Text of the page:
Suppose we consider a

managers increase the level

to

portion than Inputs.

When ou!put incre()se C, by a

increase by a smaller proportion than inputs; for example, doubling all

to less than a doubling of outout. This is the case of decreasing

the same proportion as

to scale.

output may increase by

112

28,000

IE + 21 lor Tgives us

, and PI is the wage of a lech

to Eand T, we find thai

MPE =

!!.Q

!!.E = 20

2E

(4.9a)

4,000E + 2,000( + 2)

28,000

output from the $28,000 outlay on wages, the presi

dent should hire 4 engineers and 6 technicians.

MPL ~. ~C!

ilL

5( KL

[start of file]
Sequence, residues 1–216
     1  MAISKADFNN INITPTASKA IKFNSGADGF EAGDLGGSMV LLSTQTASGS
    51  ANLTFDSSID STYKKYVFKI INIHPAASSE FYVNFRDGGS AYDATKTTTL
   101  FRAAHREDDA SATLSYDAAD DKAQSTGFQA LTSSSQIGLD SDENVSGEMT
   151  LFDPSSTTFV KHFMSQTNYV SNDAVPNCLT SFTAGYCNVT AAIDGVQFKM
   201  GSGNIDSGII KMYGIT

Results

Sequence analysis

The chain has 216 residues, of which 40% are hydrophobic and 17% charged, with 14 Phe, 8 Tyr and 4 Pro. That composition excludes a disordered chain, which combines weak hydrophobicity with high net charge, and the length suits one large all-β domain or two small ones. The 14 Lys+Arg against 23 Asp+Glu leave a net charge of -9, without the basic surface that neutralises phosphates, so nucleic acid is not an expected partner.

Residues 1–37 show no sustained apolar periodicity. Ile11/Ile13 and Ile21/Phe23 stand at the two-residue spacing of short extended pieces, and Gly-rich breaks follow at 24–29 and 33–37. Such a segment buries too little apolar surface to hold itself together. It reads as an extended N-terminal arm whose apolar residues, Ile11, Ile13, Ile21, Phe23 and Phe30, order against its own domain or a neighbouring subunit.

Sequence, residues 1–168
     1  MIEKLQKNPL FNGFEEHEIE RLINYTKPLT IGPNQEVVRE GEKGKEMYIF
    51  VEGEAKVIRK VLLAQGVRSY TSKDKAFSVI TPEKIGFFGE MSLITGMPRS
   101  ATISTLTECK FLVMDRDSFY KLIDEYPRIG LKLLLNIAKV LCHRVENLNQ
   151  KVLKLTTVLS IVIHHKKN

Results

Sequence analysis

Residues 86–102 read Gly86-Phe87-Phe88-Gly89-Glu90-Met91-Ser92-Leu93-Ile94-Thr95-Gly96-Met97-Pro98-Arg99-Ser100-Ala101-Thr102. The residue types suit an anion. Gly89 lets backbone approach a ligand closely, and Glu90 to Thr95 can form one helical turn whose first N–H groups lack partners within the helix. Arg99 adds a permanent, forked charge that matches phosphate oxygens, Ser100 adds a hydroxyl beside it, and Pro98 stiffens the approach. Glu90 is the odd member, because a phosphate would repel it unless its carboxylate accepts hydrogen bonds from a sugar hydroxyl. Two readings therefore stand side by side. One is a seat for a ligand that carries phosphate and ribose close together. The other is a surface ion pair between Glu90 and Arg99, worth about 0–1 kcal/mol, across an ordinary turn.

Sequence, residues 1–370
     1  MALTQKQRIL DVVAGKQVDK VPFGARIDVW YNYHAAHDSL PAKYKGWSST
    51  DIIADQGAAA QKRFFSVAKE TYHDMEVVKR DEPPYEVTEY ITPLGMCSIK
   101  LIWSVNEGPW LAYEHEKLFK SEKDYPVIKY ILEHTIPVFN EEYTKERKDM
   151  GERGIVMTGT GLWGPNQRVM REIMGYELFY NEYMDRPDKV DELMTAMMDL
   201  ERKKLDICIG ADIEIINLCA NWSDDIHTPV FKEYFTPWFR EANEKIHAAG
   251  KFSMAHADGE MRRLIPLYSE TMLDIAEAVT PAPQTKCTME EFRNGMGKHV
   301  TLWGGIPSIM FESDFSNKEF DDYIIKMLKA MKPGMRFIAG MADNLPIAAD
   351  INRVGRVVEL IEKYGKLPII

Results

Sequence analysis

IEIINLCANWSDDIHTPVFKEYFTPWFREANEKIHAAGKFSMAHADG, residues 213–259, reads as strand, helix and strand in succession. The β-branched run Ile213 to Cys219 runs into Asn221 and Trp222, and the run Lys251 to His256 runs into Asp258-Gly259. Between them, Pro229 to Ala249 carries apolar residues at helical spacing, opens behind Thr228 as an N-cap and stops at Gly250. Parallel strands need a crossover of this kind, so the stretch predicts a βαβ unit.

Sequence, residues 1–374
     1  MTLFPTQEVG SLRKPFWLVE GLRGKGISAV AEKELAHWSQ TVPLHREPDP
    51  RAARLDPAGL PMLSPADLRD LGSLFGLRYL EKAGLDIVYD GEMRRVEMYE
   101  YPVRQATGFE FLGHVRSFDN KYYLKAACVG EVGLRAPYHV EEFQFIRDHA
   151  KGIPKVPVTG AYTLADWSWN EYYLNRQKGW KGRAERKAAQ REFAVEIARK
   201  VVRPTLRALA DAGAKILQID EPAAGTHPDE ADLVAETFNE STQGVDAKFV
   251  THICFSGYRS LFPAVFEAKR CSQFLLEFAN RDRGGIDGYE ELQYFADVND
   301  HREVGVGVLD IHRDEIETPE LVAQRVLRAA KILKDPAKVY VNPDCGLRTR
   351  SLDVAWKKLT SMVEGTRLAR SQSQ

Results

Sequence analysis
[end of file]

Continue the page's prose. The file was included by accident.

MPK ~ ilK

._\ 1<

~.

on)y fonr times ;)$ nH1(1 \~100d 3$ the L:Hler

is not

returns to scaJ~. The 1110st (ommon Ctllpnt IS tne (jlallcnge ot (oor(lmatmg a

It can be difficult even in a small fum for managers to obtain

finn such prob

kinds of research and development, large teams lend to be Jess effective

5K

80L

which means that K .cc 4L. Because 0 ~ 800,

that must be settled case by case. There is 110

In some industries the evidence suggests that returns increase over a cer

but the answer is likely to depend on the output considered.

increasinp returns to scale at small output levels and constant or

levels. In addition, managers need to know

are 110t all increased or decreased in the same

OUTPUT ELASTICITY

increasing, decreasing, or constant returns to

The output elasticity is dcfilled as the percent

in omput resulting from a 1 percent increase in all inDuts. If the

increasing returns to

if it

are constant returns to scale; and if it is Jess than 1, there are decreasing returns

a maker of aircraft parts,